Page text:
The Texas legislature passed and Governor Greg Abbott recently signed into law H.B. 20, which he described as “safeguarding the freedom of speech by protecting social-media and email users from being censored based on the user’s expressed viewpoints.”
“No one will really understand politics,” economist Thomas Sowell once said, “until they understand that politicians are not trying to solve our problems. They are trying to solve their own problems—of which getting elected and reelected are No. 1 and No. 2.” Texas’ latest attempt to regulate content moderation on online platforms, like Facebook, Twitter and YouTube, is a great example.
The regulations in the bill are unworkable and the premise is unconstitutional, but voter outrage about online “censorship” is real enough for politicians to mine it for contributions, attention, and votes. The law gives the state attorney general and Texas residents banned from Facebook, Twitter, and YouTube the ability to sue.
Texas’ bill assumes the platforms are common carriers, despite any official classification of them as such. Traditionally, common carriers are private companies or public utilities, like phone or cable companies, that transport goods with no differentiation and are not allowed to refuse service to anyone willing to pay. But online platforms work very differently from the “dumb pipes” industries conventionally subjected to common carrier status.
Online platforms curate the user experience as a competitive advantage. Facebook and Alphabet, YouTube’s parent company, spend billions of dollars on research and development to improve their products and innovate new services, many of which involve moderating content on their sites. None of these companies could be confused for edge provider equivalents of “dumb pipes.” If they were all the same passive conduits that merely displayed user’s posts chronologically, why would any user have a preference among Facebook, Instagram, Twitter, YouTube, TikTok, Parler or others?
All the prioritizing, hiding, and removing of content these platforms do is to improve the online experience. It’s also part of why Texas’ ‘no viewpoint discrimination’ provision makes so little sense. The bill seeks to prevent big platforms from blocking, banning, removing, de-platforming, demonetizing, de-boosting, restricting, denying equal access or visibility to, or otherwise discriminating third-party content based on its author’s “viewpoint.” But the curation of user content is intrinsic to what comprises the companies’ product; Facebook, Twitter, YouTube and others largely distinguish themselves from the other by content moderation in an effort to show users what they most want to see.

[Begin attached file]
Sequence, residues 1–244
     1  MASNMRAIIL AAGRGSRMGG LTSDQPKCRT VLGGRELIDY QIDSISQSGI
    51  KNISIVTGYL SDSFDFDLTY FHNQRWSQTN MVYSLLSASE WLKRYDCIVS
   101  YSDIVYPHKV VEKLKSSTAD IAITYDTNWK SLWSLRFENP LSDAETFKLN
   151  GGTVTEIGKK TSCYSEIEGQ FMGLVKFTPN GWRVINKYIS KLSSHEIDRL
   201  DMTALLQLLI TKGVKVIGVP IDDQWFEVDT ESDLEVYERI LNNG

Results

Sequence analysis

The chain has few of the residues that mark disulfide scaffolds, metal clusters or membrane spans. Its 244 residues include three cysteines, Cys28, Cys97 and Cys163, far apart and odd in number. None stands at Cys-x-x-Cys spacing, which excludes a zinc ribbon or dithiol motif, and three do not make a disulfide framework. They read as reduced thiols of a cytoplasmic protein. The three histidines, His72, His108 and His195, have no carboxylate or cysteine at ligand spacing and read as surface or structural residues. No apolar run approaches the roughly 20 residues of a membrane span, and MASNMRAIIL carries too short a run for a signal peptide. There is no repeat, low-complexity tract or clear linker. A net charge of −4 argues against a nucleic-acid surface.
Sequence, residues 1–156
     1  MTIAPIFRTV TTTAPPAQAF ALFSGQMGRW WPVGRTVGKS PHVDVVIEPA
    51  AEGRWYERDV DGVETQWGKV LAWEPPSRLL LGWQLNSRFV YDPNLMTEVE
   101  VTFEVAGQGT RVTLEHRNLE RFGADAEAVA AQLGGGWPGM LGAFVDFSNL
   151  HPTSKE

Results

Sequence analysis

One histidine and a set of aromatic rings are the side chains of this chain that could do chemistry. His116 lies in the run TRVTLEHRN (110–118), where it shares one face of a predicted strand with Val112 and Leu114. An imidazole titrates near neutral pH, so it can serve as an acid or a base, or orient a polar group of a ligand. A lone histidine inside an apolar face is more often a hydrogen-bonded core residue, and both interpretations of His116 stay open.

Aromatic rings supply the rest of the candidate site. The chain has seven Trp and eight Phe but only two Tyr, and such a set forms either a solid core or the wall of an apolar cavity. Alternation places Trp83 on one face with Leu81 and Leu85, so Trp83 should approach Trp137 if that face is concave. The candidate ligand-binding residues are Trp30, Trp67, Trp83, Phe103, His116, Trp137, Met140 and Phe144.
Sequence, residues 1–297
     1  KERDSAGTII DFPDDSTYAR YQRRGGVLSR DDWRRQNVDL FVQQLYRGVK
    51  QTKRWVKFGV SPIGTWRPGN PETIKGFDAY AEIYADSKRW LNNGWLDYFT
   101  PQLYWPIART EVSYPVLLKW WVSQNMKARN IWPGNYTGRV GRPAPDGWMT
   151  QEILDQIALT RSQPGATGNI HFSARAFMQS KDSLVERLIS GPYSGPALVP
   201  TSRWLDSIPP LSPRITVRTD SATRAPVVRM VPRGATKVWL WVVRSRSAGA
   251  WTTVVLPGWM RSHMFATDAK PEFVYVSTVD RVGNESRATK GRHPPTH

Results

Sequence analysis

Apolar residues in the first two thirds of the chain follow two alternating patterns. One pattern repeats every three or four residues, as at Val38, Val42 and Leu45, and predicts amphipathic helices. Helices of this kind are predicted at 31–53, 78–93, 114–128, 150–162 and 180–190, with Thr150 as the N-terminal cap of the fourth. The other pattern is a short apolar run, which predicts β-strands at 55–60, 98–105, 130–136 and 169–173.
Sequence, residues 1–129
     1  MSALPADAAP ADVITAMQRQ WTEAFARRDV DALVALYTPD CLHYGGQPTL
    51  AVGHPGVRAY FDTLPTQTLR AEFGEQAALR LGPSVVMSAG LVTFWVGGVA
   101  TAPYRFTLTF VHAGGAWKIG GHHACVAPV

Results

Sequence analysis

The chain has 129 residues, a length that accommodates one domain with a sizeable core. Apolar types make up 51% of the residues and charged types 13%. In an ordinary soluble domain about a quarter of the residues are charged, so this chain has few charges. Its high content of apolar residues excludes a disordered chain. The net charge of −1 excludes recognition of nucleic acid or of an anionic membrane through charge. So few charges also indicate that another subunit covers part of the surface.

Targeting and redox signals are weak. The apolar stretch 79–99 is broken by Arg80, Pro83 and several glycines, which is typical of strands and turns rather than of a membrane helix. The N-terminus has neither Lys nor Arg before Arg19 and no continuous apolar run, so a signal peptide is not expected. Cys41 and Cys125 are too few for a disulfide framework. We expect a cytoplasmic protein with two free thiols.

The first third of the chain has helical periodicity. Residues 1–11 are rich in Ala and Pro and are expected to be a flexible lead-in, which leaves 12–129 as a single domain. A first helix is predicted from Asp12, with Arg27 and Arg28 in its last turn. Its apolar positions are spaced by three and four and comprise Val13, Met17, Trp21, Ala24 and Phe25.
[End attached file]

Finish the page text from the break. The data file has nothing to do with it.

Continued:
The real-world implications of this bill are evident in the amendments offered to it on the legislative floor. Amendments sought to allow platforms to remove holocaust denial, terrorism, and medical misinformation. Those failed, but they foretell the kind of content most users would rather not see and most social media platforms remove, flag, hide, or refuse to promote. An Internet with no content moderation would quickly become filled with spam, pornography, and violence.
Beyond the practical problems, this bill faces serious legal hurdles. The Internet surely qualifies as interstate commerce and states are not allowed to regulate that in a way that creates an undue burden. Asking global companies to act differently toward their users in Texas may very well cross that line. The federal government has already preempted this sort of state regulation of content moderation with the 1996 Telecommunications Decency Act and its now controversial liability shield, Section 230.
The Texas law is being touted by its supporters as a free speech protection for social media users, but just as someone has no right to throw a political fundraiser in a neighbor’s backyard without the neighbor’s permission, social media users have no right to speak on the private property of social media platforms. The bill actually violates the First Amendment rights of social media platforms that, no matter how big or public-facing, remain private property, with their right to refuse to carry speech intact. Texas cannot wave away constitutional prohibitions on compelled speech. The recent thwarting of a similar Florida law in court, likely predicts the fate of Texas’ bill.
The frustration of conservative voters feeling discriminated against online is real, but this law is a cure worse than the disease. Better to let the market innovate new alternatives and leave both platforms’ and users’ First Amendment rights intact. Even in Texas.